For the second time in a week, a man falls onto the New York subway tracks in front of an oncoming train.
The first time, of course, was very heavily publicized … in no small part because the man was pushed, because he wasn’t helped by onlookers, and because he was killed by the train.
This time, however, another man jumped down onto the tracks to help and then was himself assisted by several other onlookers:
[Victor] Samuel, a Queens father of two, was yanked to safety from the tracks of the Bowling Green station after risking his life to save a dazed drifter from an oncoming No. 5 train.
Now he hopes to get together aboveground with Doreen Winkler, the diminutive Brooklynite whose efforts spared Samuel and the second man from dying beneath the subway wheels.
Samuel, speaking Saturday to the Daily News, said the two could ideally meet for coffee in a less “stressful” situation to discuss their lifesaving efforts. He’s already contacted her through the Internet.
And he sent along thanks to the others on the platform who pulled him and Jack Simmons, 64, from the tracks.
The rescue was “a collective effort,” he said. “I really want to give credit to a lot people for helping out.”
The 43-year-old good Samaritan doesn’t regret his decision to make the Thursday night leap — even as thoughts of Monday’s subway death of Ki-Suck Han flashed through his mind.
“I had to make a very split-second decision … literally just a split-second decision to go in there,” he said of jumping down on the tracks. “I’d really rather not be in the spotlight for it.”
The 5-foot-2 Winkler, who moved to Brooklyn four years ago from Germany, was among the frantic crowd on the platform.
She described grabbing both men by their arms and yanking with an adrenaline rush as two other woman assisted the rescue on the northbound platform.
There hasn’t been nearly as much discussion of this successful rescue effort and, given my post yesterday about people standing by rather than helping, I thought it was important to see if we might get some insight into how people can — and often do — come to the assistance of others:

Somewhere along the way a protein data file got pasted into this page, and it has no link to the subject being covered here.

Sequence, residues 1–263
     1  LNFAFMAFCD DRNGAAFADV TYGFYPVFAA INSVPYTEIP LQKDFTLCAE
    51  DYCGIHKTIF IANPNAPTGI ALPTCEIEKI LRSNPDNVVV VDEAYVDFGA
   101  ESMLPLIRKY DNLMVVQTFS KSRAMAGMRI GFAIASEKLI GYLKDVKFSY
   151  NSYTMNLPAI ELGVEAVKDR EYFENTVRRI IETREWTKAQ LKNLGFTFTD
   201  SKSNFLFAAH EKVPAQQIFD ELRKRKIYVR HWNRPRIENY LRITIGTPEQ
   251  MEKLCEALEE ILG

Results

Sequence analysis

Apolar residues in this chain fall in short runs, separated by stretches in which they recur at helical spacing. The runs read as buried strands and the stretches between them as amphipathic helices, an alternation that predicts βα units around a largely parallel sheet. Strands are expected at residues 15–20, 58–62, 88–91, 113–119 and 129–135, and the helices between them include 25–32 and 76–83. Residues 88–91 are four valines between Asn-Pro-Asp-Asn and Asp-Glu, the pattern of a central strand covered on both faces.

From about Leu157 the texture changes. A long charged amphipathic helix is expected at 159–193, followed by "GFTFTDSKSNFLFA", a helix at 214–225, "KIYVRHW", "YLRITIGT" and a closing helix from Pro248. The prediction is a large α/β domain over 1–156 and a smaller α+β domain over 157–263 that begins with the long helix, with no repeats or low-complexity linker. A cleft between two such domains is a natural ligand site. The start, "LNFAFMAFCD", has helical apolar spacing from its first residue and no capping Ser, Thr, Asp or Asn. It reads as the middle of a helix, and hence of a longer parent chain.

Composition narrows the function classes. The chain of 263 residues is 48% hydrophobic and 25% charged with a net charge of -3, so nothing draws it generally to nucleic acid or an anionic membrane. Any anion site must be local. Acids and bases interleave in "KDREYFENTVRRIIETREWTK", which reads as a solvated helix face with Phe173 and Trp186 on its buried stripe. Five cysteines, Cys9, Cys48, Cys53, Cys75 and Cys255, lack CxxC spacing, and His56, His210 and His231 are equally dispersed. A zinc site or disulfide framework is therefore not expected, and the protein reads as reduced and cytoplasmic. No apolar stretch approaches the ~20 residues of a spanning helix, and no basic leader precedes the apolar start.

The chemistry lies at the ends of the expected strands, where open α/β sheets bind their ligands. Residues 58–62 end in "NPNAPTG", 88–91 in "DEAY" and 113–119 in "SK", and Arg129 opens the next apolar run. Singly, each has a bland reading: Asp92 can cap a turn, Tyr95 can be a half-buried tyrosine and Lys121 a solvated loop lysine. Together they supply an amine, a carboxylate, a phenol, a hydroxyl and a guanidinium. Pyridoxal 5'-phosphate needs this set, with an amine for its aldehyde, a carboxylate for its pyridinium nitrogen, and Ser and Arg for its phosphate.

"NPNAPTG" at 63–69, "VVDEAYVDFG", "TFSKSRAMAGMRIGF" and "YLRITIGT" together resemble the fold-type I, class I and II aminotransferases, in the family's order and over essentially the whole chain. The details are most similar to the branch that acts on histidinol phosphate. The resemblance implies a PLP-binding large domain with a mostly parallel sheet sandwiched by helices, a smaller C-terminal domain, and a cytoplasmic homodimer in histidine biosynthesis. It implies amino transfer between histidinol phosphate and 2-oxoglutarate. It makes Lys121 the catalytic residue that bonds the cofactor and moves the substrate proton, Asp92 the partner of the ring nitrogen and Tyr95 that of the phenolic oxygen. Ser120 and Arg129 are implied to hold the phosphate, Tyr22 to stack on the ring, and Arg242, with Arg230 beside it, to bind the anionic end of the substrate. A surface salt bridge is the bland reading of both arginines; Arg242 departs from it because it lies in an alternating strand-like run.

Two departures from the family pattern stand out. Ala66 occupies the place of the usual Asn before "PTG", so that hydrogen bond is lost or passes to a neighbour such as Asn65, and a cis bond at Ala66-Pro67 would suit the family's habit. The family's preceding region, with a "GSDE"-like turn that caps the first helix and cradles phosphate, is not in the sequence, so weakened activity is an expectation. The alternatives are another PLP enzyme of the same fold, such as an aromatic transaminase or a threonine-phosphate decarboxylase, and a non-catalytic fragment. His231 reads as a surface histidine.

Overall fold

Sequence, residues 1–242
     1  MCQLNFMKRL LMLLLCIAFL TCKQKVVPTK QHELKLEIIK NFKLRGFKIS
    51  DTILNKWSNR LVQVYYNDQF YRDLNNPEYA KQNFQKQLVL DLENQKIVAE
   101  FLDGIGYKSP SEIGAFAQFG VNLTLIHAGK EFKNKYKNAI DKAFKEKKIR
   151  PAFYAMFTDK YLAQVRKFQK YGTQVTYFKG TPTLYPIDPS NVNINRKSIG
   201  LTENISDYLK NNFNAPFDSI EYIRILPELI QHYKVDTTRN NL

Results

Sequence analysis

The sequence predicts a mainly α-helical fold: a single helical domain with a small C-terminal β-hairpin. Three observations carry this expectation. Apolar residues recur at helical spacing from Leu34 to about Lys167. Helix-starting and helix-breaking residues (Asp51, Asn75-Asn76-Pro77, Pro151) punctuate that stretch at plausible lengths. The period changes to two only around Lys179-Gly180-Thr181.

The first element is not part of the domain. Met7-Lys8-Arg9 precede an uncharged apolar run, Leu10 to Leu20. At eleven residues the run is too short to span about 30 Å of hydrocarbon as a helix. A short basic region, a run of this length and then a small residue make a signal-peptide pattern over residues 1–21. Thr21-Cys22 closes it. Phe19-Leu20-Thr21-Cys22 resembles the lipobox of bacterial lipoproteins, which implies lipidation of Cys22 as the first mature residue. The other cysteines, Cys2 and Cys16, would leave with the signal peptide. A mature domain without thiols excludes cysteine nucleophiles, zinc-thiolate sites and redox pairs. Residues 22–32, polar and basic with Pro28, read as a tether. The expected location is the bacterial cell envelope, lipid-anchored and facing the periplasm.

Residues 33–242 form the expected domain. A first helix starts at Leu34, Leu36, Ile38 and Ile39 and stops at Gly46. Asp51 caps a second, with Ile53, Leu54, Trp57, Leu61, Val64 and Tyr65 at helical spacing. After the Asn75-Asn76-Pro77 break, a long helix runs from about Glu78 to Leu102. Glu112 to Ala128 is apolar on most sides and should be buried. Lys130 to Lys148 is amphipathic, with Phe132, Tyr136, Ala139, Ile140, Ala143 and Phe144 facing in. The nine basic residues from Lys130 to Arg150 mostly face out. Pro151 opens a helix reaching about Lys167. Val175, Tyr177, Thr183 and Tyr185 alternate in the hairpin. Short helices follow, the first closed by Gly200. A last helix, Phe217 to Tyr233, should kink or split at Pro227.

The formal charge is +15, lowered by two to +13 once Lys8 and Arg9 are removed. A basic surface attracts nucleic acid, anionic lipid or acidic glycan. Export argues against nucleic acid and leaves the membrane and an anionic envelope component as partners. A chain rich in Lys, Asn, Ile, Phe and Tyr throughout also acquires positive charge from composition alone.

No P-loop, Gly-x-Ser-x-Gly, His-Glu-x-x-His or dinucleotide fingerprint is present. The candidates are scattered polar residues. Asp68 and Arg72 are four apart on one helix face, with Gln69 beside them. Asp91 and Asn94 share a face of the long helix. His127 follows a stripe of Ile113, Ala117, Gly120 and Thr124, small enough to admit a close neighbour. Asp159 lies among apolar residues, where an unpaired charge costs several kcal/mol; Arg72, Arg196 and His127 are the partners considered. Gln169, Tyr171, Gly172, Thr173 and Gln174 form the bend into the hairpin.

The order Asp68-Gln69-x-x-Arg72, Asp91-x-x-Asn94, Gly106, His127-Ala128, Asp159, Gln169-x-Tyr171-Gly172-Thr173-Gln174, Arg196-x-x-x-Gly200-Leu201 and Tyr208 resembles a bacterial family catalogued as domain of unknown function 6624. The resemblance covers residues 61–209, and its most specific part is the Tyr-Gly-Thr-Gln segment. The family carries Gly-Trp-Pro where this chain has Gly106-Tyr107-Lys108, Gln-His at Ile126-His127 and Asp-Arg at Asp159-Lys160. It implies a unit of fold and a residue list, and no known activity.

The 5-foot-2 Brooklynite wept Friday when recounting her adrenalized effort as visions of this week’s fatal subway shove ran through her head.
“I had one arm each of each man,” she told the Daily News. “I was freaking out that nobody was helping at first.”
Her heroics elicited applause from fellow straphangers — mere seconds after the lower Manhattan subway station echoed with screams and gasps of horror.
“You can’t ever, ever, ever watch somebody die,” said Winkler, who moved to New York four years ago from Hamburg, Germany.
Winkler said she couldn’t shake the image of Ki-Suck Han, 58, pushed into the path of an oncoming train Monday afternoon in midtown. The Korean immigrant was killed before anyone could come to his aid.
“Not again,” she said. “The whole time in my head, not again. I kept thinking I’m going to watch him die.”
This story has me wondering a couple of things:
1. How much Winkler’s personal history, as a German who recently moved to New York, factored into her feeling that it was necessary to assist someone in need and how much she was influenced by the image of Ki-Suck Han’s death earlier in the week.
2. Relatedly, whether it matters more that almost no one is paying attention to this story where people helped or that everyone paid so much attention to the story about no one helping. In other words, are we more likely to encourage helping behavior by highlighting stories where people act heroically or where they fail to do so?
I don’t yet know my answer and I can see a plausible argument for both sides of this question. I’ll be thinking about it all week and we’ll discuss it on the Hero Report podcast on Friday afternoon at 4pm Eastern (which you’ll be able to watch and on which you can comment live, either here on my blog or on Google+). In the meantime, I hope you’ll send me your thoughts … either with Tumblr’s Ask feature, via the blog’s Facebook page, using the Disqus comment feature at the bottom of this post, in 140 characters on Twitter, or via email.
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